Although Rutgers Professor Donald Schnaffner debunked the popular "five-second rule" surrounding dropping food on the floor, Donald Schaffner admits he has eaten a chocolate chip or two after they fell.
According to new research completed by Robyn Miranda, a graduate student in New Brunswick, and Donald Schaffner, professor and extension specialist in food science, bacteria does not wait five seconds before jumping on food that was dropped on the floor.
Schaffner, who has been doing cross-contamination research for about 15 years, said the inspiration behind this research began when he saw a press release about the five-second rule published by an English university.
“It was getting a lot of media attention and press and I went to the university website to learn more and what I discovered was they had done some research, but they didn’t have a paper,” Schaffner said. “It wasn’t peer reviewed.”
He said he was irritated by this because he dedicated much of his time to doing cross examination research in his laboratory, while others were getting attention for publishing something Schaffner “wouldn’t even qualify as science because it hadn’t been peer reviewed.”
Schaffner and Miranda sat down together and designed experiments that would prove or disprove the five-second rule.
Moisture on the floor largely contributes to bacteria that ends up on food, Schaffner said. Out of the four foods they studied, watermelon had the highest transfer of bacteria.
“Bacteria need moisture to transfer from one surface to another so a wet food is going to garner a lot more bacteria from the surface than a dry food,” Schaffner said. “We took a pure strain of bacteria we grew in the laboratory, and then we deliberately inoculated four different surfaces with those microorganisms.”
The team tested food using carpet, ceramic tile, wood and stainless steel surfaces, he said.
Before eating a piece of food from the floor, Schaffner urges people to ask themselves what the state of the floor is, what the likelihood the food is contaminated with bacteria, what the nature of the food in terms of moisture is and how long it was on the floor.
Schaffner also said the five-second rule is not just a popular culture notion but is serious science that contributes to people's scientific understandings.
“If everybody who ever ate food off the floor immediately got violently ill, pretty soon we would learn to stop doing that, but because we have often eaten food off the floor in the past and not gotten sick, people conclude it’s okay,” Schaffner said.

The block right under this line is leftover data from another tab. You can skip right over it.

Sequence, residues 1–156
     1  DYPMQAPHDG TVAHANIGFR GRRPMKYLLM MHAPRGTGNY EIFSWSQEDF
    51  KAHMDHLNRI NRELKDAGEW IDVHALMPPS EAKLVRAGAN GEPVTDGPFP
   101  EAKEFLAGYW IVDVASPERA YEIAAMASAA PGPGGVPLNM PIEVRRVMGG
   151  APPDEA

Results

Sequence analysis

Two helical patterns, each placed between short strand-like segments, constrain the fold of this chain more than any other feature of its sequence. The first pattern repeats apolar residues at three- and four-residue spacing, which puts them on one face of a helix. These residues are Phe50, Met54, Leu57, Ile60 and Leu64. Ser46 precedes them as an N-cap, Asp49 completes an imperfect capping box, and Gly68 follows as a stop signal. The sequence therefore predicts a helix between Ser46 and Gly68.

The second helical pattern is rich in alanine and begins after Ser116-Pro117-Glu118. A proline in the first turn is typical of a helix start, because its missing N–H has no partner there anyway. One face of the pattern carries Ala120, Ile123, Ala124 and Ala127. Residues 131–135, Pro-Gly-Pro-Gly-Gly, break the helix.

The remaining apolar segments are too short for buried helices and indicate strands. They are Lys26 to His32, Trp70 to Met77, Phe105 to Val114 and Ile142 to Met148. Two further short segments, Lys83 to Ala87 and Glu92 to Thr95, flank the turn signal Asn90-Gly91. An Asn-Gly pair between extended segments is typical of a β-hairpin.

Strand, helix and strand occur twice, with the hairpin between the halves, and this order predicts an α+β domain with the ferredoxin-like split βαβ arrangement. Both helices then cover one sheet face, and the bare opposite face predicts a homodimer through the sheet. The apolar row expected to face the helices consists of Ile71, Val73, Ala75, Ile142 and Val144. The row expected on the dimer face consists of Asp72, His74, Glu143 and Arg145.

Keoni Nguyen, a School of Arts and Sciences sophomore, said she refuses to eat food off the floor, even if it’s been less than five seconds.
“I think it’s gross. I would just rather just get new food than pick up the food that fell,” Nguyen said.
Samantha Carney, a School of Arts and Sciences senior, said depending where she is and where the food was dropped would influence her decision to eat it or not.
Carney also said that if she does drop food and chooses to eat it, she will probably rinse it off first.
Colleagues from Clemson University have previously researched this topic, Schaffner said. But he believes this is the most comprehensive research done regarding the five-second rule.
“I like to think of our research as being very exhaustive. We looked at a lot more variables than they looked at in their studies,” said Schaffner. “We recently submitted for peer review and was recently accepted in a pretty good journal, probably the best journal that I can publish microbiology in today.”
Only after doing the research and getting it published in Applied and Environmental Microbiology did Schaffner believe this research was ready to be released to the press.
The research can be found online at American Society for Microbiology’s journal, Applied and Environmental Microbiology.
Nick Huber is a School of Arts and Sciences senior majoring in journalism and media studies. He is a staff writer for The Daily Targum. He can be found on Twitter @njhuber95Huber.